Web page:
0.5 Points per reception – You have to reward wide receivers for catching the ball, simple as that. One point is simply too much, and can drastically alter the game, especially with running backs. Half a point is a perfect medium.

-.05 Points per drop – Just as catching giveth, dropping taketh away.

1 Point for 10 yards rushing – Universal.

-3 Points per fumble lost – WR fumbling is inexcusable.

2 Points for 2 Point Conversion – Universal.

Running Back

2 Slots, no flex option. A team hardly utilizes more than two running backs in a game unless one is injured. Your team should follow suit.

1 Point for 10 yards rushing. – Universal.

6 Points per Touchdown – Universal.

1 Point for 10 yards receiving – Universal.

.5 Point per Reception – Universal.

-.05 Points per drop – Universal.

-3 Points per fumble lost – You simply cannot put the ball on the ground.

2 Points for 2 Point Conversion – Universal.

Flex Position (WR/TE)

We go one flex position that is receiving only and no tight end slot. Generously, one-third of the NFL has a good consistently receiving tight end. The value in the tight end is not just their pass catching skills, but blocking skills just as much, which are not measured in our offensive style of scoring. This cannot warrant a standalone tight end slot, but for those that wish to take a chance and grab a premier end, there’s still room to stick them in. Otherwise, just go with a third wide receiver.

Scoring the same as Wide Receiver

Kicker

You must have one kicker in fantasy football, bar none. The kicker is essential to scoring plays, and is on some occasions in reality, the leading scorer on the team. Drafting kickers is also rather fickle, because although you want a kicker from a good team that puts points on the board, you also want one that kicks the most field goals because they are the most valuable. Scoring should be as follows

1 Point for Extra Point

3 Points for field goals 0-39 yards

3.5 Points for field goals 40-49 yards

4 Points for field goals 50+ yards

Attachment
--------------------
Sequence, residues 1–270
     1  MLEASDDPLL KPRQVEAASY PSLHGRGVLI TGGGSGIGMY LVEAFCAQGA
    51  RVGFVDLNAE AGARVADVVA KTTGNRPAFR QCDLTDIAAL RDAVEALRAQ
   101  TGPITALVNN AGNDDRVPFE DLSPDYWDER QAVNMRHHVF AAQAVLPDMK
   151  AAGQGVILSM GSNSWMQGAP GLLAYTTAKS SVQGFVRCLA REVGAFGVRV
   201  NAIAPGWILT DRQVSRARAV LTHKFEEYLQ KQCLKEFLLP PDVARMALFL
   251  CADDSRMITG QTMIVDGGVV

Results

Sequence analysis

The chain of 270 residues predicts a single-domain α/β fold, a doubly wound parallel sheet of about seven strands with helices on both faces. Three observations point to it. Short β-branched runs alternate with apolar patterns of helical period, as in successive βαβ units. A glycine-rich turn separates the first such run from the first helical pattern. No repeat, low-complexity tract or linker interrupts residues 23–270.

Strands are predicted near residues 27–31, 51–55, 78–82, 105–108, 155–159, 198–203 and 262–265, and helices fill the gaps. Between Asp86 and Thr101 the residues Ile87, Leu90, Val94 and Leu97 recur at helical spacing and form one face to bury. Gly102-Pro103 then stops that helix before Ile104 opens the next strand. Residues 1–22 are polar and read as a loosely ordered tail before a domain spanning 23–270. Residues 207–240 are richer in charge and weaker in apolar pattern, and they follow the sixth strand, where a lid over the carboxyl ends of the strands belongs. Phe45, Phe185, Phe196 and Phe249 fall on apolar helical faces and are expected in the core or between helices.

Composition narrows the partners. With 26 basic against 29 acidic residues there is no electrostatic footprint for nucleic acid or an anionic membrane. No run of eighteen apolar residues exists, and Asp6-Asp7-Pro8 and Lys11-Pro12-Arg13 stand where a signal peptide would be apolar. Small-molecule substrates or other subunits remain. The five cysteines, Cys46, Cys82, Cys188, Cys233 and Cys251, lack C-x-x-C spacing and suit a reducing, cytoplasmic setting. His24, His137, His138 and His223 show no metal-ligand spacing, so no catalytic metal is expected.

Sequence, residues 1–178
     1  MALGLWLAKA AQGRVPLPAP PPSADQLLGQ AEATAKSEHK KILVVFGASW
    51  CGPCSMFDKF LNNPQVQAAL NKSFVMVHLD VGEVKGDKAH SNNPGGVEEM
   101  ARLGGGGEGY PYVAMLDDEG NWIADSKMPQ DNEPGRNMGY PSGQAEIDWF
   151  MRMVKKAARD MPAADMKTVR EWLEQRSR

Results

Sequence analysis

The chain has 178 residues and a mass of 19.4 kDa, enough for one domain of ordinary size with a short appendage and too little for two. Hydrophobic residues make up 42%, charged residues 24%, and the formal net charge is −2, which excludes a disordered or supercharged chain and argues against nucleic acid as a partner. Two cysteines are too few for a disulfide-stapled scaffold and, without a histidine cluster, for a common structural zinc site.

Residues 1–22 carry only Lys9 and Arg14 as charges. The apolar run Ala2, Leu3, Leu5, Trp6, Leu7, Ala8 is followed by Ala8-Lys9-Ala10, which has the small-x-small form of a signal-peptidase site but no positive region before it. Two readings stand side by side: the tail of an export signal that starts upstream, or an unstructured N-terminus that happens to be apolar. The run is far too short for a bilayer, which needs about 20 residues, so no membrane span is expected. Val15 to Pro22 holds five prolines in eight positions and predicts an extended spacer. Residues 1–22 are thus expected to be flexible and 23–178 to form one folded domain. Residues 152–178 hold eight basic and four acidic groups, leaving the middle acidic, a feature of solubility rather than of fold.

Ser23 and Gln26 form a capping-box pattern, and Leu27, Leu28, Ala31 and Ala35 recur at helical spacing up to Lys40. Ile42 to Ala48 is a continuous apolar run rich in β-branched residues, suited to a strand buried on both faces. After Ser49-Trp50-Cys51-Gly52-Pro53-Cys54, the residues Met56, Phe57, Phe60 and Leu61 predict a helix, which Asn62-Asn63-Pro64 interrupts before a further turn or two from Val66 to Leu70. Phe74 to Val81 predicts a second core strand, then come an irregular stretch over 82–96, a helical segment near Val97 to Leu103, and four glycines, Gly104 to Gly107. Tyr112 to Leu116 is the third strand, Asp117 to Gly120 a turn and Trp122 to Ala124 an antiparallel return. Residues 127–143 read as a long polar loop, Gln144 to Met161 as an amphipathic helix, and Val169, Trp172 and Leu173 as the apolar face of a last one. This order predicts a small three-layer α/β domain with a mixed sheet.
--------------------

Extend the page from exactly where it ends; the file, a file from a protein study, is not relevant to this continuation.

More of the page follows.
-1 Point for PAT missed (not blocked)

-2 Points for field goals under 29 yards missed (not blocked)

2 Points for Game Winning Field Goal

Defense/Special Teams

This is where it gets the most complicated. The defense and special teams (minus kickers) are units, and as units should be a little more involved in scoring than individuals. It’s like a pitcher in baseball or goalie in hockey. Prevention of scoring is held in the utmost regard, especially when it comes to a unit like a defense in football. Drafting individual players on defense is foolish, because since we do not draft entire 11 man offenses individually, we should not do the same for defense. Because a defense (and Special Teams) is a team effort instead of a skill position effort, they will be displayed as so. Yards against should not be counted for or against a defense. Touchdowns, as I said earlier, rule supreme (as should winning the game as the unit). You can leak like a sieve on defense, but if you limit the amount of scores you have done your job well.

6 Points for Touchdowns – On Defense or Special Teams

2 Points for blocked kicks

2 Points for kick returns into opponent territory

2 Points for punts inside the opponent 15

4 Points for Team Win

2 Points for Safety

3 Points for INT or Fumble Recovery

1.5 Points Per Sack

12 Points for Shutout

7 Points for 1-9 Points Allowed

4 Points for 10-19 Points Allowed

0 Points for 20-29 Points Allowed

 

 

 Agree or disagree with how I think fantasy leagues should be scored? Comment and let me know!